Symbolic illustration of Laura's hands holding a glass unicorn

The Glass Menagerie

by Tennessee Williams

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In the 1975 production of The Glass Menagerie, Tennessee Williams added the business involving Jim’s wrapping and disposing of his used chewing gum. Why do you think the author inserted this detail? How might it be symbolic of Jim’s personality?

Jim’s wrapping and disposing of his used chewing gum shows that he is a methodical, thoughtful person. His comment that he always removes it when the flavor is gone also indicates his pragmatic attitude toward life.

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In The Glass Menagerie, as Jim and Laura begin to converse, he offers her a stick of gum and begins to chew one himself. She initially declines but later changes her mind and accepts a piece. After they have been talking for a while and she has made him aware of how they knew each other in high school, he tires of the now-flavorless gum. Jim warps the gum in a small piece of paper and stows it in his pocket. As he does so, he tells Laura, “I always take it out when the flavor is gone.” He also states his concern about gum getting stick on people’s shoes.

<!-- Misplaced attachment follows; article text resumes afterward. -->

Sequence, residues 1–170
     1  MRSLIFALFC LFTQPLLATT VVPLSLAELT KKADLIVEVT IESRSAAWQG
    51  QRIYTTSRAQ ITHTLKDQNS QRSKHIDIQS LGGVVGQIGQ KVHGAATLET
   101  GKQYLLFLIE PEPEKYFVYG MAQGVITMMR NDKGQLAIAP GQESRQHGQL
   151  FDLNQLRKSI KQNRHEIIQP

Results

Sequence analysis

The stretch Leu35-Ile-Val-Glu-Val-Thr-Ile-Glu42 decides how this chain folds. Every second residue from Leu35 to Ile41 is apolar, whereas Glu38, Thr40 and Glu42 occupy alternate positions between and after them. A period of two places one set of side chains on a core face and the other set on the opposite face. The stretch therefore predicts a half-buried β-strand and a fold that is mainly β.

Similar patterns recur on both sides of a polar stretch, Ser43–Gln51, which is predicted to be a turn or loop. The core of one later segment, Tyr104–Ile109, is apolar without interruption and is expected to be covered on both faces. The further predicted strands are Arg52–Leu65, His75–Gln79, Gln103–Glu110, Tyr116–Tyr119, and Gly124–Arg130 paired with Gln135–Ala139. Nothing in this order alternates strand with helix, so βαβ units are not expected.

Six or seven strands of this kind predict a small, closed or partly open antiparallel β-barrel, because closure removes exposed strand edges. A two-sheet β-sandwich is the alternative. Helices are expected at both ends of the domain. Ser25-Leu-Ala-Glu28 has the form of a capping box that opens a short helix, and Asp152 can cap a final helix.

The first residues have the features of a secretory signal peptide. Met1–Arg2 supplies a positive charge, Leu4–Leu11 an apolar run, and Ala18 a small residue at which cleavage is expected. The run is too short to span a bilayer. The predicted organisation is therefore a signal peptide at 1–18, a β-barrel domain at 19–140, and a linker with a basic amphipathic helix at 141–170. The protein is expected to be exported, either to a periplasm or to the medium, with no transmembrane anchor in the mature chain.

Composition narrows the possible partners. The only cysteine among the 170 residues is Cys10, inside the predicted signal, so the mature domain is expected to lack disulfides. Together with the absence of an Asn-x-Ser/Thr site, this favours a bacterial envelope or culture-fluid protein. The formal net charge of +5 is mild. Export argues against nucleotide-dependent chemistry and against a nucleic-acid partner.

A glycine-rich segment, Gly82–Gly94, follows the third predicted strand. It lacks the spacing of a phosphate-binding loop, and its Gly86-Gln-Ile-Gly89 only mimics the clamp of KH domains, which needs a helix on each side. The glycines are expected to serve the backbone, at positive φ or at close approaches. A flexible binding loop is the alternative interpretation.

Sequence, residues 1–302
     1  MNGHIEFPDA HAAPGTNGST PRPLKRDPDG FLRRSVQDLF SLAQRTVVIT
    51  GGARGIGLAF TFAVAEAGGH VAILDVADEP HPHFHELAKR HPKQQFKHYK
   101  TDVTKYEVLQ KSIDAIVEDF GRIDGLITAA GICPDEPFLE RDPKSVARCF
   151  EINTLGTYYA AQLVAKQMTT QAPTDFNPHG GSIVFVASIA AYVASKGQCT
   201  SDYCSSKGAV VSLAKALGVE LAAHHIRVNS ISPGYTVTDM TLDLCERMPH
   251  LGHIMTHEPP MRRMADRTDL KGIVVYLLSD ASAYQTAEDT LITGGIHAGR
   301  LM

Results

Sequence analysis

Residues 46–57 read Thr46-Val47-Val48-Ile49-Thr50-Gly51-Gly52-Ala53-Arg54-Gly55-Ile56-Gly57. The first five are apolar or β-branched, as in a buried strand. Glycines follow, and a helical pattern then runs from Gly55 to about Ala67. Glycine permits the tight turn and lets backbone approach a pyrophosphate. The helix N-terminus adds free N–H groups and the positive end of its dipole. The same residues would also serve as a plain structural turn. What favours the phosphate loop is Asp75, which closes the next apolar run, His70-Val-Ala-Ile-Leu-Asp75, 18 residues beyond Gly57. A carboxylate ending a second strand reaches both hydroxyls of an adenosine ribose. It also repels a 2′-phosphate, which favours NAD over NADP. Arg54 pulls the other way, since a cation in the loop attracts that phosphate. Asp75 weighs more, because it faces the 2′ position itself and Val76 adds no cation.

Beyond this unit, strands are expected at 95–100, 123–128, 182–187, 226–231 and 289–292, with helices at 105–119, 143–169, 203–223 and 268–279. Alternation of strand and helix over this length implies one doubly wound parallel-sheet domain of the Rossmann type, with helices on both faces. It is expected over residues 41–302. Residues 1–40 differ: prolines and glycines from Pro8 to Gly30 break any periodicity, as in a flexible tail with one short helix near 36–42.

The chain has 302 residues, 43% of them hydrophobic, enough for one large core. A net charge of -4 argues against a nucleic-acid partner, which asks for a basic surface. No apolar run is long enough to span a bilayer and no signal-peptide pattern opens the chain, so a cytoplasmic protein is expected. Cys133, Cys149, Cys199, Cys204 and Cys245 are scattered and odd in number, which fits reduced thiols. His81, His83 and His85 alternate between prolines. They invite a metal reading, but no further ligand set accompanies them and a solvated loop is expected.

This bit of business occurs within a monologue that Jim delivers about his own ambitions and his opinions about Laura’s psychological makeup. Jim speaks in a confident, straightforward manner but also tries to convey that he was not always so confident.

He is a forward-looking, ambitious young man who fits in well with society—the opposite of both Tom and Laura. His careful attitude toward even a small amount of trash corresponds well to his pragmatic attitude toward life. Jim prefers to proceed carefully and avoid being the agent who causes negative events in other people’s lives. However, he does not realize that in giving Laura a pep talk about confidence, he is dismissing the validity of her concerns and seeming boastful by offering himself as a role model.

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